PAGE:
Fact Checking FAQS
Fact Checking FAQS
After Sunday's demonstration I went to the elk reserve and a few thoughts came to mind as I looked at the water troughs the park service provided. In particular I thought of things I had just read on their website’s FAQ page.
1 Water Quality Concerns
The park claimed to be concerned about the quality and source of water the activists brought in. That would be inspiring unless you’re aware of the incredibly disgusting water the park WAS fine with claiming were adequate water sources for the elk. Talk about potential for infection! The puddles I saw out there screamed “drink me and die”.
The park claimed that they made a special effort to place their troughs outside of designated wilderness areas. I have two responses to that:
1. The troughs seem to be in about the same spots so I’m curious exactly how designated and non designated wilderness is divided out there.
2. If this is designated wilderness then it is a testament to the failure of the park service to restore native coastal prairie. Instead the area was dominated by nonnative plants which can be traced back to ranching.
3 Working with the public
The park claimed the public didn’t work with them to bring in troughs. Well, I guess that’s technically correct, but this is because the park was unwilling to bring in water under any conditions. Any and all proposals and even offers to provide volunteer labor were rejected. Next thing we knew, the park had brought in water (even while continuing to claim no water was needed).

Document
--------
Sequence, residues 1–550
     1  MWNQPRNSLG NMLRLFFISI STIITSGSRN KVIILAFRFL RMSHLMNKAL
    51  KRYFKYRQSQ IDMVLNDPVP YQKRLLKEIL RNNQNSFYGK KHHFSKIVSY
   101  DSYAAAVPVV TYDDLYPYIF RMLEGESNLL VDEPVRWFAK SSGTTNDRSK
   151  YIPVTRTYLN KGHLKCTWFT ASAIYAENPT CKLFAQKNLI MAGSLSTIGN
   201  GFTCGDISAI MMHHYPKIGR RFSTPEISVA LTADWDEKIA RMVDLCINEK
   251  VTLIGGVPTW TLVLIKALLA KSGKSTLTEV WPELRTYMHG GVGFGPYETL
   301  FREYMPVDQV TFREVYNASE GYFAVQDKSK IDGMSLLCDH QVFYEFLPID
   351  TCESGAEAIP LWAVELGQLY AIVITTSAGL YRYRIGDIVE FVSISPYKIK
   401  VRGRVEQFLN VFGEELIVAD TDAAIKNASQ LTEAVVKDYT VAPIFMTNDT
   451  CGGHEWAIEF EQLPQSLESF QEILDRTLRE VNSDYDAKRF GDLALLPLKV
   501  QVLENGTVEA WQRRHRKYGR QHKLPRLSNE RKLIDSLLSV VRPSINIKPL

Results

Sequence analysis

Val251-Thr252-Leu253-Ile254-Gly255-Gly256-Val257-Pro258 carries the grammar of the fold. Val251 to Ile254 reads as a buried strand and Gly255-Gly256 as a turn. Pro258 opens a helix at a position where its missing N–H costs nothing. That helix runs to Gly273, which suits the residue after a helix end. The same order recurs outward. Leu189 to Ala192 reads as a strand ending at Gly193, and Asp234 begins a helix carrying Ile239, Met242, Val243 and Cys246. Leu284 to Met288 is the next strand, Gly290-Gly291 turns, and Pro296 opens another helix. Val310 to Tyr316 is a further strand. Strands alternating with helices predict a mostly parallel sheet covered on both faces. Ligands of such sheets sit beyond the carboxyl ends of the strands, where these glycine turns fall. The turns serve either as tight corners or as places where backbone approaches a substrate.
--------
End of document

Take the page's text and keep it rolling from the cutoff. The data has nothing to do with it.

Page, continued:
4 Water access
Lastly, you just have to pretend every animal in the reserve (including but not limited to just the elk) marched like well-trained cattle to the new water troughs at the southern tip of the reserve.
This video shows the third of three troughs. It is the furthest north yet it's just south of Pierce Point Ranch.
Just providing a little perspective for those who are thinking everything is OK now.
#elk #elkwater #Tuleelk #FAQs #facts #pointreyes #water #watertroughs
#shameofpointreyes #skylerthomas #pointreyesnationalseashore #drought #wildlife
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